Six months after their son Finn was born, Procak’s deteriorating health resulted in a series of near-death experiences. By March 2018 she was diagnosed with organ failure and landed her in the intensive-care unit on life-support. It was determined that she needed a double lung transplant.
Procak was coping well but there were countless sleepless nights for a worried Ian with their young son. She was flown to Edmonton for medical care where, after five open-heart surgeries, she received two new lungs in April 2018.
At the end of May she was moved to Health Sciences Centre. For the next four years, there were more health problems, including COVID-19.
“She was such a fighter all throughout her battles,” Ian said. “She just kept her head up and never worried. She was a devout Christian and believed that God was going to take care of her and all the things she cares about. By November 9th she was very ready to go.”
But through all the challenges, Procak made it her mission to let people know that organ donation was giving people a second chance at life.
“She was so grateful for the gift of life she received,” Ian said. “Not a day went by she wouldn’t mention that.
“Once she was well enough in Edmonton, she wrote a letter to the donor’s family, via the social worker, to express her undying gratitude and how much this meant to have more time with her son.
“Robyn mentioned a lot that life is precious. Her being young and coming so close to death multiple times she would say that a lot. Seeing others younger than her acting like they are invincible, she would say that more.”
Dr. Owen Mooney, medical director of the Gift of Life program at Transplant Manitoba, stresses the importance of having conversations about organ donation. On any given day, there are hundreds of Manitobans and more than 4,000 Canadians on wait lists for kidney, lung, liver, heart and pancreas transplants.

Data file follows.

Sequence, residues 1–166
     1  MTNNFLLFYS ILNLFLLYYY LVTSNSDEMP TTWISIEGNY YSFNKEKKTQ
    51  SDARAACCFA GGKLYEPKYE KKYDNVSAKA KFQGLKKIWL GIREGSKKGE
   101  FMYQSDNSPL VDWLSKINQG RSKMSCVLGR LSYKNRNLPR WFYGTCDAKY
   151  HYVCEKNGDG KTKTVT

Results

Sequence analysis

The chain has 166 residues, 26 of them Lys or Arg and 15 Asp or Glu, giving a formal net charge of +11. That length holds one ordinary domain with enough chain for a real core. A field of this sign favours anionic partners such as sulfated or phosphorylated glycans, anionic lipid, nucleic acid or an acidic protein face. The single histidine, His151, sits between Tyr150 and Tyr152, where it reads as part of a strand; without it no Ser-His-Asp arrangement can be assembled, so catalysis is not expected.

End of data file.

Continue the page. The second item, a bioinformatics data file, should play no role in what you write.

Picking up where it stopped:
“The Canadian public as a whole understands that there is a major need in Canada,” Mooney said, adding one donor can save up to eight lives.
“In a dramatic sense, we know that a certain percentage of those patients will die awaiting a transplant. This is about living or dying, potentially saving somebody’s life. There will be rare incidents in somebody’s life when you can have that kind of impact.
“It is the most unselfish gift.”
Procak’s mother, JoAnn Heinrichs, remembers the hospital staff being loving and kind and working hard to ensure her daughter’s comfort.
“They were very special to her and to all of us,” Heinrichs said. “The doctors worked endlessly to keep her alive.
“When the news was not what we wanted to hear, it was Robyn who encouraged me. She was a tower of strength and courage. Her faith was solid in a gentle way. She was extraordinary, a beautiful soul, a sweet spirit, seeing the best in people with compassion, a genuine love and acceptance.
“A living angel on earth.”
Visit www.signupforlife.ca/ for more information about organ donations.
A Life's Story
February 11, 2023
Occupational therapy degree was her ticket to the world
Barb Granger, 93, was longtime head of St.View More